How President Obama’s Support of Gay Marriage Signals the Decline of Homophobia in America
This week President Obama become the first sitting president (and serious presidential candidate) in history to publicly announce his support of gay marriage. While this declaration is a long time coming and has been decried as too little too late by some gay rights activists, it represents a major shift and hopefully a bellwether for the decline in homophobia in the US.
Support for Gay Marriage in America
Public opinion has slowly been shifting in support of gay marriage, with more Americans (46%) favoring same sex marriage, up from 35% just 10 years ago in 2001, according to the Pew Research Institute. While this increase in support cuts across different political, demographic, and religious group, age seems to be the most stubborn factor when it comes to changes views about gays. 53% of those born after 1980 favor gay marriage rights, compared to only 38% of those born between 1946 and 1964, and only 29% of those born between 1928 and 1945.
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Why Homophobia is on the Decline
Many factors in recent decades have contributed to a decline in homophobia in America.
- Legalization of gay marriage. Same-sex marriages were first legalized by a state (Massachusetts) in 2004. Currently 6 states and the District of Columbia legally recognize gay marriages, three others recognize gay marriages made in other jurisdictions, and many other states allow for civil unions or domestic partnerships among gay couples, granting state-level marriage rights. Dozens of other states are currently battling for same-sex marriage rights in their courts. The legalization of same-sex marriage makes clear that gay couples should enjoy equal rights under the law. In addition, gay marriage helps debunks myths and stereoptypes about gay couples, demonstrating that they share the same values and lifestyles as their straight counterparts.
- The gay rights movement. Over the last few decades, the gay rights movement in the United States has made enormous strides towards social equality for gays and lesbians. Through political activism, street parades and marches, advocacy work, and support groups, the gay rights movement has been effective in changing american attitudes towards gay people.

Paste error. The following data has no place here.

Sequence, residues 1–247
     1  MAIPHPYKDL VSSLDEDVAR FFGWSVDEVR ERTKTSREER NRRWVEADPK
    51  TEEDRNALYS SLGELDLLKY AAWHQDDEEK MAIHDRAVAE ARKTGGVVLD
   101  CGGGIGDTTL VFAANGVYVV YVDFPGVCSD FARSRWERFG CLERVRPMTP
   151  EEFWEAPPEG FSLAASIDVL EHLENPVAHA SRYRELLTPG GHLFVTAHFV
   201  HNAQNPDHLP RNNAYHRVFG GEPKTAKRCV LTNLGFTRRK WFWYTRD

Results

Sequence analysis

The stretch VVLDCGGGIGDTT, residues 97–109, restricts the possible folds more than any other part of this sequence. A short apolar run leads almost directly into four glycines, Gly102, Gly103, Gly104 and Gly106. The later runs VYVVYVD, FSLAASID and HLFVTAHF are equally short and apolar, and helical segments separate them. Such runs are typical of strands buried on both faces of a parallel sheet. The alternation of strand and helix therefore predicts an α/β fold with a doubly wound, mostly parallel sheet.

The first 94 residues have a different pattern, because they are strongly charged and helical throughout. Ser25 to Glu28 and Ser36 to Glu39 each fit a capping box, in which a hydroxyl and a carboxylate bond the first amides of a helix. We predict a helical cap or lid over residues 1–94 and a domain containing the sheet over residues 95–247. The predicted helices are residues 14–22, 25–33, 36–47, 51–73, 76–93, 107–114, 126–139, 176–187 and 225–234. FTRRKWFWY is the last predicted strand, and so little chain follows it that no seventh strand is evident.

- Increased positive portrayals of gay couples in the media.While there is still work to be done, more and more TV shows and movies are positively portraying gay couples. In fact, today's most popular TV show, Modern Family, features a gay couple trying to adopt a child. Often these couples are simply the guys next door or the family down the street, demonstrating the reality that gay men and women are woven into the fabric of our society and helping make people more comfortable with their real-life gay neighbors.
- Greater visibility. More and more youth today are growing up with gay people as part of their every day lives. Not only are politicians and other public figures “out” but gay couples are raising children and young people are able to come out of the closet without as much fear of marginalization. Knowing someone who is openly gay is becoming the norm, leading to greater acceptance and support.
Saying Goodbye to Homophobia
Whether president Obama’s public support of gay marriage will make a difference in the fight to end homophobia or in the 2012 presidential election is yet to be seen. However, having a presidential candidate make this type of statement is a major step in the right direction. Every generation seems to be increasingly at ease with the idea that gays and lesbians are an integral part of our society. Let’s hope that the next generation grows up in a world where gays and lesbians have equal rights and the idea of discrimination based on sexual preference seems as antiquated as the idea of racial or gender discrimination does today.